To the extent that this intuitive picture is accurate, I think we can conclude that there is no radiation as viewed from a reference frame in which the situation is static. If the electric field far away from the charge isn't changing with time, then there shouldn't be a need for the radiation, which sort of acts like a "correction" to the field that propagates at the speed of light.

The interesting case is a charged particle undergoing constant proper acceleration. From the point of view of a Rindler observer, the situation is static, so there should be no radiation. But from the point of view of an inertial observer, the situation is not static, and it's also not the constant-velocity case. I'm not sure what the electric field looks like to the inertial observer.

A charge at rest on a planet shouldn't radiate, according to this heuristic, because the distant electric field is unchanging (in the frame in which the situation is static, which is someone at rest in the Schwarzschild coordinate system).

14. May 9, 2018

stevendaryl

Staff Emeritus
I have to caution readers that I'm not at all claiming to be an expert in this. I've just given an intuitive heuristic that may reflect a misunderstanding on my part.

15. May 9, 2018

Staff Emeritus
This thread - as is the case for this topic, as well as it's evil twin, radiation of a charge in free fall - is a bit of a mess. But before I respond to the mention of my name, is this really at the A-level? It seems not to be. I am not going to spend a lot of time on writing an A-level answer only to get a reply like "What is a multipole?" or "What 16 components?"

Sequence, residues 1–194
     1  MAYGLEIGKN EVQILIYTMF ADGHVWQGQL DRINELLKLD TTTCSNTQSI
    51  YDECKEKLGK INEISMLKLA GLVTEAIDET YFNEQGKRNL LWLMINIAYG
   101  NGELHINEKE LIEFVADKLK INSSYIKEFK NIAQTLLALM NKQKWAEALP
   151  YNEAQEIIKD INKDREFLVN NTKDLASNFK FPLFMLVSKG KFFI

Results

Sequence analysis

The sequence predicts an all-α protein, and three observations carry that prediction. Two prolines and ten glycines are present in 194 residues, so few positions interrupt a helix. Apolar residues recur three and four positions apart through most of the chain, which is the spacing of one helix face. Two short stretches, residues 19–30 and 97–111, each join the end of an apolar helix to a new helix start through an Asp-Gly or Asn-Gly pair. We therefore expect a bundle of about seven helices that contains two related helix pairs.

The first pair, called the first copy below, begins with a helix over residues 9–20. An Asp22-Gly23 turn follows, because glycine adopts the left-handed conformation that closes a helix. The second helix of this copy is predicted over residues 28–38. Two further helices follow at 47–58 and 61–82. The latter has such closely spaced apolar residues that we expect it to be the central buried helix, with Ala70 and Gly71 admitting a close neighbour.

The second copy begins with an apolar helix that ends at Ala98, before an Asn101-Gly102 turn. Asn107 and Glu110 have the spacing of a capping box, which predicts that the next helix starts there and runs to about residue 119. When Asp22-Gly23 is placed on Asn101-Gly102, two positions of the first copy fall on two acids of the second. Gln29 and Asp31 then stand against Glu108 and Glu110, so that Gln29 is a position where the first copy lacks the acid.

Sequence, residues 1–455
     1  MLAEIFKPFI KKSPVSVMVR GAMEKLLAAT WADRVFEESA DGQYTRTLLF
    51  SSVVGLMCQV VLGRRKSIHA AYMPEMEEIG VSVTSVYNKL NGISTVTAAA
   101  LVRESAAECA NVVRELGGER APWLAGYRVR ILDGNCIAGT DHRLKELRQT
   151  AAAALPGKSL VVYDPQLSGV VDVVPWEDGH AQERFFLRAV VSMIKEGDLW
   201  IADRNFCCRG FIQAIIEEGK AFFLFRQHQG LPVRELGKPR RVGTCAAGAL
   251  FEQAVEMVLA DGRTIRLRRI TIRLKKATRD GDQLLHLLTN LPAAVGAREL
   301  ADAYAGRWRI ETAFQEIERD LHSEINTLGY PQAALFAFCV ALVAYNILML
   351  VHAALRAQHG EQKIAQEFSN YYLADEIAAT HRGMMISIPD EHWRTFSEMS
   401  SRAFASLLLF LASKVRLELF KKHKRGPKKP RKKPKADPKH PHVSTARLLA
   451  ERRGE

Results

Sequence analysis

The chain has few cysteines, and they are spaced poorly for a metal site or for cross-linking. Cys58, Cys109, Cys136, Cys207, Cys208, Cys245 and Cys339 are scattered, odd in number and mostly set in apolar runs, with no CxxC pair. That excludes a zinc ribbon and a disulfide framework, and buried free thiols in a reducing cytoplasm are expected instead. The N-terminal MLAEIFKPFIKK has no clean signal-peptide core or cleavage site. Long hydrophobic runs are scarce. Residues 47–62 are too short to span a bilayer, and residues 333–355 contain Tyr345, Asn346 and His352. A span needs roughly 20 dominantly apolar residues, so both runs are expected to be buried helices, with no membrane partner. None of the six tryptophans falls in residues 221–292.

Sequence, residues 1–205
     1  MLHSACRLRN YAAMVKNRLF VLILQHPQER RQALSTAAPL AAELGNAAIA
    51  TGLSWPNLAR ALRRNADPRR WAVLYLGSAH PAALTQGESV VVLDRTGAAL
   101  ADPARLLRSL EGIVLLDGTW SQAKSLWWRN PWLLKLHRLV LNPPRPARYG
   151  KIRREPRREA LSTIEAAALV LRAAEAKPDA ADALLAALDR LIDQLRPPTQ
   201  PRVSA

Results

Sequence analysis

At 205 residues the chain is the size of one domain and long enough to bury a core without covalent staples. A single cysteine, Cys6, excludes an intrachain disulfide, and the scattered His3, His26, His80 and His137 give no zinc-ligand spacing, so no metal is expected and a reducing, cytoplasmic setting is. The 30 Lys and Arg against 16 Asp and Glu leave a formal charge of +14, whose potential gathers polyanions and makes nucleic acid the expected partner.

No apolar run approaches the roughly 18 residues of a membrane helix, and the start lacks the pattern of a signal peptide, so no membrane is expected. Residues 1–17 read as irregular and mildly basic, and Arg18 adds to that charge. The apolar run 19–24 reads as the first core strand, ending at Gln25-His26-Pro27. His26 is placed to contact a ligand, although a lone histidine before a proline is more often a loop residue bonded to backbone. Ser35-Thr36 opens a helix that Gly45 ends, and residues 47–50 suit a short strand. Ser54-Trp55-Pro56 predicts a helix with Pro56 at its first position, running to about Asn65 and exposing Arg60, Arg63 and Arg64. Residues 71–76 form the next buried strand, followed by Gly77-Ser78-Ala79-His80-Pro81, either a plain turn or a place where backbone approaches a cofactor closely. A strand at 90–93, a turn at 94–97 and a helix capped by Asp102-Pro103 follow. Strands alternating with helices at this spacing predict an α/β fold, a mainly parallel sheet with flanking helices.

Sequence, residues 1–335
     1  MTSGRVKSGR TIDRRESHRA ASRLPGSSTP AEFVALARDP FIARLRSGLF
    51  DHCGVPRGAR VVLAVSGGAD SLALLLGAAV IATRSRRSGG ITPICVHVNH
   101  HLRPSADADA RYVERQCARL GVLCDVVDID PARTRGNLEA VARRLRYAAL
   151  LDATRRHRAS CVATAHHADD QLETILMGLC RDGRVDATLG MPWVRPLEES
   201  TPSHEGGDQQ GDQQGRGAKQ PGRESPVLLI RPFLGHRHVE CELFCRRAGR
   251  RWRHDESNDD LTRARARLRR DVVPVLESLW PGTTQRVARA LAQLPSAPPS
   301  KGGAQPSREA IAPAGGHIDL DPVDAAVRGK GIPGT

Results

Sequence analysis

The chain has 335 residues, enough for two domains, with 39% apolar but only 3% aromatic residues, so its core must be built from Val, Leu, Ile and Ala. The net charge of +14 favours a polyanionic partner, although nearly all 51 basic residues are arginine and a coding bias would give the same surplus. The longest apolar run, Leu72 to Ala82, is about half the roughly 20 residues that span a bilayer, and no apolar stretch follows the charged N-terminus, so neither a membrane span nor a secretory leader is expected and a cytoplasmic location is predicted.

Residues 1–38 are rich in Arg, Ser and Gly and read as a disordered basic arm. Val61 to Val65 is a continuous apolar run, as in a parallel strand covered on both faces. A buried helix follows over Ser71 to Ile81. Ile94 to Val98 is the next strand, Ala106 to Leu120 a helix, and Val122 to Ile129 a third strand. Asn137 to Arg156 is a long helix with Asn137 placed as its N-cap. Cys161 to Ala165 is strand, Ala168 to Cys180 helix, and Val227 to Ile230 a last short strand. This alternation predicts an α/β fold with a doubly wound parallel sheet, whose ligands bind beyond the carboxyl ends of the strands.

16. May 9, 2018

craigthone

We need A level answers. It is better to have some equations rather than something else. Thanks in advance.

17. May 9, 2018

Staff: Mentor

Technically, you're correct, an observer standing on Earth's surface is not in vacuum, there's air around him and ground below him. But imagine, for example, someone standing on an airless planet (or on the Moon). There is vacuum around that person, and they are accelerated, so they should in principle observe Unruh radiation. That's all I was trying to say.

18. May 10, 2018

Staff Emeritus
It's confusing two things. Are you saying this electron should radiate because it is charged? Or are you saying it should radiate because of the Unruh effect, which has nothing to do with charge? Until we get the question straight, it's unlikely we will be able to provide a good answer.

19. May 10, 2018

craigthone

In the process of discussing, I think the first question (this electron should radiate because it is charged) is answered by Dale using equivalence principle correctly.

The second question is Forget the electron, do observers (detector) sitting near earth see Unruh's radiation? I know the answer is no, but I do not have clear argument.